• 81°

More people now out of work

According to Department of Labor statistics, 1,328 people who are able to work in Decatur County are currently without a job, for an unemployment rate of 10.3 percent.

The problem isn’t isolated to Decatur County, though, as unemployment is also above 9 percent in Colquitt, Crisp and Sumter counties, where the workforce is comparable in size to that of Decatur County, where 12,848 people are in the workforce. Census Bureau estimates the county’s population as of July 2007 was 28,544, 12,108 for Bainbridge.

In Decatur County, there were 364 initial claims for Georgia unemployment insurance this past November, compared with 594 claims in October and 230 in November 2007.

Unemployment rates for surrounding counties were: Early, 7.6 percent; Miller, 7.1 percent; Mitchell, 7.4 percent; Baker, 7.4 percent; Grady, 6.9 percent; Seminole, 9 percent.

Earlier this week, Georgia Department of Labor (GDOL) reported that the unemployment rate in Southwest Georgia rose to a preliminary unadjusted rate of 7.3 percent in November, up 2.8 percentage points over the year from November of 2007. The jobless rate in the Southwest Georgia area rose one-tenth of one percentage point from a revised 7.2 percent in October.

Unemployment rising statewide

Meanwhile, the state’s seasonally adjusted unemployment rate rose to 7.5 percent in November, the highest rate since July 1983 when it was also 7.5 percent. The jobless rate was up 3.0 percentage points from 4.5 percent at this same time last year. The November unemployment rate was up six-tenths of one percentage point from a revised 6.9 percent in October. The state rate remained above the national rate of 6.7 percent for the 10th straight month. At present, 365,244 unemployed Georgians are looking for work.

“My Christmas Wish is that all Georgians will embrace the true meaning of this holiday season,” said State Labor Commissioner Michael Thurmond. “During this unprecedented economic crisis, we should remember to give the gift of love and encouragement to unemployed family members and friends. It is also important to reassure those facing economic uncertainty that expensive gifts they can ill-afford to purchase are not expected or needed.”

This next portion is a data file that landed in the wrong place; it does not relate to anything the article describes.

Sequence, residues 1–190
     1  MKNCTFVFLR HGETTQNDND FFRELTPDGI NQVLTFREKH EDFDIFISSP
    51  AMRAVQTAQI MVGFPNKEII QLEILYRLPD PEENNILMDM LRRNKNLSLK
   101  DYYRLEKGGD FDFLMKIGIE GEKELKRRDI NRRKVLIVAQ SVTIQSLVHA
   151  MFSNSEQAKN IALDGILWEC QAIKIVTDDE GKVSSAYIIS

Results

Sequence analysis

Thurmond encouraged job-seekers to remain positive and take advantage of the employment services offered by the Georgia Department of Labor. The department’s Web site. www.dol.state.ga.us, includes easily accessible listings of current job openings, as well as information about job search, career planning, and education and training opportunities. A complete listing of all 53 career centers is also provided.

Over the last year, the number of payroll jobs in Georgia decreased 94,400 or 2.3 percent. Manufacturing, construction and trade, along with administrative and support services, including temporary employment agencies, were the hardest hit industries.

The local area unemployment rates are not seasonally adjusted. Job listings, career planning tools, information on how to survive a layoff and Georgia labor market statistics are available online at www.dol.state.ga.us. People looking for a job can also visit a one-stop job-posting search Web site at www.indeed.com.

People can also stop by the Bainbridge Career Center, which serves Decatur, Early, Miller and Seminole counties, at 310 S. Scott St. Its phone number is (229) 248-2618.